New to pregnancy? Here's Why Pregnancy Pilates Is For You To Share With Your Bundle Of Joy

Newly Expecting Mom? Here’s Why Pregnancy Pilates Is For You To Share With Your Bundle Of Joy

Newly Expecting Mom? Here's Why Pregnancy Pilates Is For You To Share With Your Bundle Of Joy

Gestation is a beautiful interim where a newly expecting mom will finally feel the joy of motherhood. Aside from expecting your bundle of joy, it’s probably the best time to start considering pregnancy Pilates to get you through the pre- and post-natal changes (of bodily and hormonal).

It’s no secret that there will be a lot of changes going on during pregnancy, and the most important thing to remember as a mom-to-be is that you are no longer the same person and your body is not your own anymore. You will definitely experience changes to your hormones and body, but you don’t have to worry too much. These changes are natural and with time, you’ll come to appreciate these changes that are brought upon by birthing beautiful beings.

As excited or nervous you are, it is essential to respect these changes you are going through and not push yourself.

Make sure that you stay hydrated throughout your physical exercise. Of course, consult your doctor before beginning any pre or postnatal exercise regimen and make sure to refer to a professional who has experience with pre and post natal clients.


What can Pilates do for me?

Unlike other workouts like Yoga, Pilates trains your body to be adaptable, balanced and stable. It is also easier on the joints and doesn’t stress your body through a series of complex movements. Pilates comprises a series of movements and positions that help condition your strength and coordination.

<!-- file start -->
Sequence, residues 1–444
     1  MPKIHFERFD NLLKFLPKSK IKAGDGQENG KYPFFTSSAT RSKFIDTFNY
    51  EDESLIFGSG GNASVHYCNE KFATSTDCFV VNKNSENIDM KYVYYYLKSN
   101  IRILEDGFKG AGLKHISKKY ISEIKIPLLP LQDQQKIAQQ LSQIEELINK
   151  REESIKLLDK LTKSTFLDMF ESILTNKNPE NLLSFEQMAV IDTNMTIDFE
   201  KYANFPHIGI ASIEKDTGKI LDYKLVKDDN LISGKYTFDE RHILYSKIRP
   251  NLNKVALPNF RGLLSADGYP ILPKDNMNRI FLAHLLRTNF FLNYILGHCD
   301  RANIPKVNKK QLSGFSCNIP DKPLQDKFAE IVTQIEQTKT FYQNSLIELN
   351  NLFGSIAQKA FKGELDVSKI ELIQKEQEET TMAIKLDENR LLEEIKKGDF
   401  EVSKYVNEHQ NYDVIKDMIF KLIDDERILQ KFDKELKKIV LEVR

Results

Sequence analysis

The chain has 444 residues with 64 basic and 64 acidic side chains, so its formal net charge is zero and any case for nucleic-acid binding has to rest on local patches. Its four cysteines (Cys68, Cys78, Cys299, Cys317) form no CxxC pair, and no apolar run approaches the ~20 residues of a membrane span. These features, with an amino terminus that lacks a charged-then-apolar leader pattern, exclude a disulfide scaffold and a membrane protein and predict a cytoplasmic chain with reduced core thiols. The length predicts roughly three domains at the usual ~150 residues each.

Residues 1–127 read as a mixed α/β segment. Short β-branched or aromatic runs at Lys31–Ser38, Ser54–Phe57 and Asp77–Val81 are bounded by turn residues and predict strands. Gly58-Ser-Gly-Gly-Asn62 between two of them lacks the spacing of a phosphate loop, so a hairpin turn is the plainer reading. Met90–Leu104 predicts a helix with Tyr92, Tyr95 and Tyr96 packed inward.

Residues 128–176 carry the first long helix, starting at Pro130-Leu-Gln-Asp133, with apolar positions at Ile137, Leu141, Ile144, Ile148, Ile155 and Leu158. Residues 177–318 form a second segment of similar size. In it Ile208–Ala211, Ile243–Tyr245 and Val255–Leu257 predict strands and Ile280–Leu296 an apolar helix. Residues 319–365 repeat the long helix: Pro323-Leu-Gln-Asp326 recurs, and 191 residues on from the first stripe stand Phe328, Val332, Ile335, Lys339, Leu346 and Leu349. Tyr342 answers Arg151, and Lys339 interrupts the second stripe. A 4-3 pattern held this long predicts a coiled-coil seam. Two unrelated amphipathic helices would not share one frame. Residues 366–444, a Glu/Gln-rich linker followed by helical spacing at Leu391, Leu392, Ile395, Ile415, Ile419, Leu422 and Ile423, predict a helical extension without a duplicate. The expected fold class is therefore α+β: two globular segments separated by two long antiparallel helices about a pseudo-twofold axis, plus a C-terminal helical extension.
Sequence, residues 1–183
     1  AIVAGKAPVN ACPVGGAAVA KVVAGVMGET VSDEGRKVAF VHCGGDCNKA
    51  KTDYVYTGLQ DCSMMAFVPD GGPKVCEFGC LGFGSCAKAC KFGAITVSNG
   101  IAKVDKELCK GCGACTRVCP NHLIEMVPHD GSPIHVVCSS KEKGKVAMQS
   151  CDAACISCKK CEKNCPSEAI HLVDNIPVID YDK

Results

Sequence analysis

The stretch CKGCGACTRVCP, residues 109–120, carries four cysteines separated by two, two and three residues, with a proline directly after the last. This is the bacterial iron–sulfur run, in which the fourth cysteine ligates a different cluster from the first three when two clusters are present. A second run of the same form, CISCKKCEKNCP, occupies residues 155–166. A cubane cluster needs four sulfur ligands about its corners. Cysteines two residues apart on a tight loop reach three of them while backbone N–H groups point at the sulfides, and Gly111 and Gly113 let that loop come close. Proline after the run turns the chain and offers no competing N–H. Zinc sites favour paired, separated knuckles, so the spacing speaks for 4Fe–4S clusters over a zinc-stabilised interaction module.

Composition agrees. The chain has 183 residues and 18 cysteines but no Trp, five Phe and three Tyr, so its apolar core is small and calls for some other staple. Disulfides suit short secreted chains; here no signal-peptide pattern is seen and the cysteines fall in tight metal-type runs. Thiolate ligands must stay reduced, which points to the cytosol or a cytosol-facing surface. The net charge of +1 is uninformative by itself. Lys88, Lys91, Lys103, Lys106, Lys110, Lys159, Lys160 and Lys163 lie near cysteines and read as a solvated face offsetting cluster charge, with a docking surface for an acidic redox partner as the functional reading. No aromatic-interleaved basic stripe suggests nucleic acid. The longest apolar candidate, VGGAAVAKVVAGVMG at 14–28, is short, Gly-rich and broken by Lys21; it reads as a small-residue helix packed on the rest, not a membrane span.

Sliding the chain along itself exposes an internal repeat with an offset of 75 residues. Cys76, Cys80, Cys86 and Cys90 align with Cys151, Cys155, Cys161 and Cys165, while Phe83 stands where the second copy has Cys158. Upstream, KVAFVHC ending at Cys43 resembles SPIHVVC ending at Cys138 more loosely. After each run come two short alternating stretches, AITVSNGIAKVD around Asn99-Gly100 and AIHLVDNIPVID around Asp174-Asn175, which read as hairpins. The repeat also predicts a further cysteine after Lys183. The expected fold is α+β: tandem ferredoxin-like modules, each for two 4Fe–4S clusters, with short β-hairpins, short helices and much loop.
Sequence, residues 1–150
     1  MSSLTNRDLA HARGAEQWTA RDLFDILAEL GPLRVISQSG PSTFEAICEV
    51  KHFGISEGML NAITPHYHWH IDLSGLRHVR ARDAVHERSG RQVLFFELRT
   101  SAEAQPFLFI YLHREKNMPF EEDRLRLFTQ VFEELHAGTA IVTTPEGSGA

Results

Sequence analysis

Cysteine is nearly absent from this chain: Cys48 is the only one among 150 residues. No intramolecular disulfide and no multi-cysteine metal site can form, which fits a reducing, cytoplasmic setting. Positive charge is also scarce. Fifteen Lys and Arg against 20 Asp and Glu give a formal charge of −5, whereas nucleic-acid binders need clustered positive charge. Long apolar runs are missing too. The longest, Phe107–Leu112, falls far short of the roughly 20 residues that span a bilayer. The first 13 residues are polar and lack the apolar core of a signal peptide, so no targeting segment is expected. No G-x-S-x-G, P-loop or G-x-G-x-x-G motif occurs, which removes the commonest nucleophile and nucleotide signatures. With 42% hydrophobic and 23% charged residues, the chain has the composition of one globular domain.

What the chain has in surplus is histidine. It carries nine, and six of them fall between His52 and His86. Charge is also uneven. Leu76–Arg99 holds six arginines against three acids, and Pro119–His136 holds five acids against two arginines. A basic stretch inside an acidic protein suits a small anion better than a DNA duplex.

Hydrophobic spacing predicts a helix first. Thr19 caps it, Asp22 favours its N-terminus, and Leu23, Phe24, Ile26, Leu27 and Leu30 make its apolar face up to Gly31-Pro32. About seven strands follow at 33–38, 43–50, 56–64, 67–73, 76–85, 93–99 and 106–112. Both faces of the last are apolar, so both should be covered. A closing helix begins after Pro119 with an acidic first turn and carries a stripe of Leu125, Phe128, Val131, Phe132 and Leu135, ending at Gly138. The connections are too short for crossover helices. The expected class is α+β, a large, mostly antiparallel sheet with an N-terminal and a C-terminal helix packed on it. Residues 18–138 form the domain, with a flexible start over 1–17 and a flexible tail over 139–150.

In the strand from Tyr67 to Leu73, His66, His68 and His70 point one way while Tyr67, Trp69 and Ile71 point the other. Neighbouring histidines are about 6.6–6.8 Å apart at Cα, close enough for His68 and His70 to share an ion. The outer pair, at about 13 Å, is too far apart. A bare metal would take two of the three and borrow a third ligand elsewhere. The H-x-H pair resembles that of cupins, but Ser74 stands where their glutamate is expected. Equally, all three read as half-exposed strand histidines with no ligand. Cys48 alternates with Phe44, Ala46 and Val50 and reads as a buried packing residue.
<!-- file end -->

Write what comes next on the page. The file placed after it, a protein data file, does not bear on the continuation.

Deep breathing and relaxation are part of the training, and your instructor will teach you how to control them during your practice. The movements focus on your stomach, pelvic floor muscles and lower back muscles, are built on a series of controlled, gradually challenging moves that won’t set your body under strain.

If you strengthen your muscles, you’ll be thankful for a stable core. A stable core provides good posture, balance, strength, and better endurance.


How can Pregnancy Pilates help me during pregnancy?

Pilates strengthens your tummy, back, and pelvic floor muscles without straining other joints, so it’s a great exercise to practice during pregnancy. But research also suggests that doing pre- or post-natal Pilates regularly can be as effective as doing pelvic floor workouts, except that it targets specific muscles and functions that might pose a problem during pregnancy and after birth, in a secure way.

Most of all, determine that your Pilates instructor is experienced and trained in conducting pre-postnatal classes. And the rest of the time, just enjoy the sessions and benefits you reap:

1. A stronger transverse abdominis, which helps prevent diastasis recti

2. A stronger association to the pelvic floor muscles

3. Better control of breathing

4. Less discomfort due to muscle & skeletal imbalances

5. A quicker recovery & return to pre-pregnancy body


pregnancy Pilates

Doing regular Pregnancy Pilates will help too: